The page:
True or False: Champagne is a Must for Holiday Celebrations?
The holidays are here, which means it’s the season for festive fun and fancy fetes! And there’s no better way to celebrate this magical time of year than with a glass of Champagne.
But how much do you really know about bubbly?
Read on for a little true-and-false quiz, and learn everything you need to know about toasting with Champagne this holiday season.
True or false…
- Champagne is primarily made from three grapes: Chardonnay, Pinot Noir and Pinot Meunier. True. There are also other approved grapes that for historical reasons are grandfathered in as approved varietals, including white Arbanne, Petit Meslier, Pinot Blanc and Pinot Gris. However, usage of these varieties is uncommon.
- The bubbles in Champagne are formed during a second fermentation that takes place in the same bottle that you purchase the Champagne. True. This is what makes Champagne different than other sparkling wines such as prosecco.
- Dom Perignon was a blind Benedictine monk that created Champagne in 1692. False. Dom Perignon was not blind. He “blind-tasted.” And he did not invent Champagne. In fact, Dom Perignon was originally trying to determine how to keep the bubbles out of his wine. The Champagne region of France has a very cool climate and grapes did not have enough time to fully ferment into wine before the cold winter weather. The fermentation would stop in the winter only to be “woken-up” in the spring – hence the bubbles. Dom Perignon is considered the father of the modern Champagne industry, and he’s credited with several key advancements including introducing English bottles that could withstand pressure of fermentation and using corks as closures.
- The English invented Champagne in 1662. True. The English were actually importing French still wine in barrels and purposely making it into sparkling wine. Th ey would bottle the wine with a little additional sugar or molasses to cause the second fermentation that creates the bubbles. The first mention of a deliberate, second fermentation in bottle was in England in 1662 — several decades before the French claim to have made the first Champagne. The English determined how to make glass bottles that could withstand the pressure of the second fermentation in bottle. And the first French Champagne house dedicated to making bubbly was not established until 1729, some 50 years later.
- The pressure inside a bottle of unopened Champagne is approximately three times the pressure inside a car tire. True. This is why you need to be careful when you open a bottle of Champagne!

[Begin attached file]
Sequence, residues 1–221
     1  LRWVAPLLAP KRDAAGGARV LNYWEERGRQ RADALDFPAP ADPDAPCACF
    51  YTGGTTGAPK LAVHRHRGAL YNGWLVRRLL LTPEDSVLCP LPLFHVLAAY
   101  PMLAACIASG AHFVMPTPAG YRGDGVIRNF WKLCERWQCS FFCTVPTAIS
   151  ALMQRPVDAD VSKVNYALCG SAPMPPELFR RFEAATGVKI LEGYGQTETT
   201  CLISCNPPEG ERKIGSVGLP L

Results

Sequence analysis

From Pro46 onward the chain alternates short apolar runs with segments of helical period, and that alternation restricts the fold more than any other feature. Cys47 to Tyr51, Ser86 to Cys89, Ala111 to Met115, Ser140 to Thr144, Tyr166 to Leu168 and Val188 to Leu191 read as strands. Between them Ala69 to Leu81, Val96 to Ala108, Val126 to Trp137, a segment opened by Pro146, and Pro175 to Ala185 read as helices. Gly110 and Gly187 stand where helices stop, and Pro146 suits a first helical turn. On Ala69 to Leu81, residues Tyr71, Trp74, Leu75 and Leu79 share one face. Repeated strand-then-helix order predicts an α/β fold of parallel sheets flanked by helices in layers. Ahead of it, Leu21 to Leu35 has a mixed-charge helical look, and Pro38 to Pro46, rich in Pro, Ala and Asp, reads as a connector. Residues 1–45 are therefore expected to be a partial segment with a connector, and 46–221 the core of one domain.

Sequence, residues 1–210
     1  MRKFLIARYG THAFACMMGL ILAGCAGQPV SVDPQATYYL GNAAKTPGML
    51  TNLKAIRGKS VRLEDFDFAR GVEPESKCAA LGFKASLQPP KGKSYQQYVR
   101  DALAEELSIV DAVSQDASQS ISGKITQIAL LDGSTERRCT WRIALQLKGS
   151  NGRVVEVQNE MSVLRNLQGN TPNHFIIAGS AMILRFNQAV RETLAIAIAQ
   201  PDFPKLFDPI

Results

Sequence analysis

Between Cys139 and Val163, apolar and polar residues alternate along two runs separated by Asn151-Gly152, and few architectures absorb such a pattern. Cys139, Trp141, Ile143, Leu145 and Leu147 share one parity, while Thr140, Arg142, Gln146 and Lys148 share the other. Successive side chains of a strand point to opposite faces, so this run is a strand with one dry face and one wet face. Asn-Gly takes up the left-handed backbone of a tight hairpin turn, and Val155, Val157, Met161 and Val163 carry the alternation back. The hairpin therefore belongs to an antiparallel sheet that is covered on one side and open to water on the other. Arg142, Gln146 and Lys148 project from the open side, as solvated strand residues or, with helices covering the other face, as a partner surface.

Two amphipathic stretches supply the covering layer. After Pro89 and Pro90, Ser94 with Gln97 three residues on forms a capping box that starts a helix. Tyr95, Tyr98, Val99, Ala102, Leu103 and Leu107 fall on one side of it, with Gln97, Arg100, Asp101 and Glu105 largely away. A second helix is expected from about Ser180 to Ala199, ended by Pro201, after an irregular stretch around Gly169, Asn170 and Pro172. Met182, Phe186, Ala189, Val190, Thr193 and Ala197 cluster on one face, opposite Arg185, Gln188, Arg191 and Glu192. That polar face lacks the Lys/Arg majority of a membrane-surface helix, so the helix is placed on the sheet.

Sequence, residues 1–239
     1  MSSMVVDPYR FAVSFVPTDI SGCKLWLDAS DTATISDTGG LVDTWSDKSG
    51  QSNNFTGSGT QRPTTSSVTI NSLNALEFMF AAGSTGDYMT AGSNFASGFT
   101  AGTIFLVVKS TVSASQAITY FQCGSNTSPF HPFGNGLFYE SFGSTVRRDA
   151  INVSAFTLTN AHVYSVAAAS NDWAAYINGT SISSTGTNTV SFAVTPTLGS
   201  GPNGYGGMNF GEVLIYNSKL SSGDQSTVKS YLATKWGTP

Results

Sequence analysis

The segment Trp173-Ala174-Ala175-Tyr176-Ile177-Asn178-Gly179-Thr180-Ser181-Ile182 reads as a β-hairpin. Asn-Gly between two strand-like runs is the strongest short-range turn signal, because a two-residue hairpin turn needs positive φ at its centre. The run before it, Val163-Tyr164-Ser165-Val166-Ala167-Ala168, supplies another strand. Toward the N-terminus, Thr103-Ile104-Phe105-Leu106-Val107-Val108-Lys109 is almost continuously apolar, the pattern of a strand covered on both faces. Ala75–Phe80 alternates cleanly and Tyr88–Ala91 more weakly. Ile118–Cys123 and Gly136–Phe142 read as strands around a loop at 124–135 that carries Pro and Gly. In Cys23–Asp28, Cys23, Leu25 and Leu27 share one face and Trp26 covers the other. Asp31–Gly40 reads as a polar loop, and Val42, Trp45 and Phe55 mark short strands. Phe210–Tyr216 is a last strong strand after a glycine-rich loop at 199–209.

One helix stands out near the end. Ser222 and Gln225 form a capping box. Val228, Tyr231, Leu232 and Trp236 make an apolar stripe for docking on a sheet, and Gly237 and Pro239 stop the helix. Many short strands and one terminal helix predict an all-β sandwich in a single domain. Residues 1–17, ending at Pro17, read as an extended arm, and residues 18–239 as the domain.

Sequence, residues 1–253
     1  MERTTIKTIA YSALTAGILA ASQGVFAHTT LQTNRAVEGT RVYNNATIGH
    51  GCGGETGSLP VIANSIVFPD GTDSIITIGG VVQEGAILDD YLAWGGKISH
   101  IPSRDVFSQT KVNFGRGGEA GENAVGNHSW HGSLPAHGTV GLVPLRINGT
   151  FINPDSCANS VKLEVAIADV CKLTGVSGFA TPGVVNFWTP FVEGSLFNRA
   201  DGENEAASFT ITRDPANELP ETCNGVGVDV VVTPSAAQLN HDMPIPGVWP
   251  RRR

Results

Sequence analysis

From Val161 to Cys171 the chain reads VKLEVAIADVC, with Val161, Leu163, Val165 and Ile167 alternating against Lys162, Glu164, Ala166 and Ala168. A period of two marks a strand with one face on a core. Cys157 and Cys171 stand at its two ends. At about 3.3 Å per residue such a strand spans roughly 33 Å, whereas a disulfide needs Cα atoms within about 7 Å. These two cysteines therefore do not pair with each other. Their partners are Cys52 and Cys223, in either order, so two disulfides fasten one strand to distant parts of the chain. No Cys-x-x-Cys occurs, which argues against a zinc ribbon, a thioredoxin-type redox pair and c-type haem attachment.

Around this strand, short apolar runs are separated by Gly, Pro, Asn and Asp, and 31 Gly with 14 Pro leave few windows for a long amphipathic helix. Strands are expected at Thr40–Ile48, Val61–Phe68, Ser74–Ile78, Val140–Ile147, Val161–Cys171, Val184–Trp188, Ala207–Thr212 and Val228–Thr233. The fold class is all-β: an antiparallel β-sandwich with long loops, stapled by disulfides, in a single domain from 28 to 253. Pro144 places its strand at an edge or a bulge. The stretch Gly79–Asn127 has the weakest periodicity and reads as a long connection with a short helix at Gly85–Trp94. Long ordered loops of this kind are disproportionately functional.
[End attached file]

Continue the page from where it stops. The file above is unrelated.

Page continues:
- You should swirl a glass of Champagne to best assess the aromas. False. Swirling the glass will make the bubbles disappear faster. You swirl a glass of still wine to release the aromas. Champagne’s bubbles carry the aromas to the surface, so there is no need to swirl.
- Champagne should be stored on its side for long-term aging. False. Like still wine, Champagne should be stored at 55 degrees and away from light and vibrations. But unlike still wine, Champagne bottles need to be upright for long-term storage. The pressure from the trapped gas (better known as bubbles) creates enough humidity to keep the cork from drying out and protects the bottle from the introduction of oxygen. Studies have found that Champagne stored on its side ages quicker because oxygen can seep in as the cork losses its elasticity due to contact with the Champagne.
- A large bottle of Champagne that holds 16 individual bottles is called a Balthazar. True. The different size bottles were named after historical and religious figures. Balthazar was one of the three wise men to present gifts to baby Jesus.
- Ruinart was the first recorded Champagne-making house in 1729. True. The modern Champagne industry dates back to 1728 when Louis XV removed the restriction on transporting wine in bottles. Other notable houses include: Moët & Chandon (1743), Delamotte (1760), Veuve Clicquot Ponsardin (1772) and Louis Roederer (1776).
- Veuve Cliquot was responsible for the first Brut Champagne in 1874. Even her staff was opposed to the idea.False. Madame Pommery launched the legendary vintage of Brut Champagne for the English market, which was looking for lighter and less sweet wines. At this time, most Champagne was very sweet. Veuve Cliquot is credited with solving the problem of removing the sediment created by the second fermentation in bottle through the use of riddling — slowly rotating the bottle from horizontal to a vertical position for several months to collect the sediment in the neck of the bottle.
This season, give your friends, family and colleagues a reason to raise their glasses– fill them with delicious Champagne! Double Decanted offers a curated selection of Champagne, as well as other wines, at a variety of price points. For assistance selecting the right bubbly for your holiday celebrations, contact Kelly Prohl at Kelly@DoubleDecanted.com.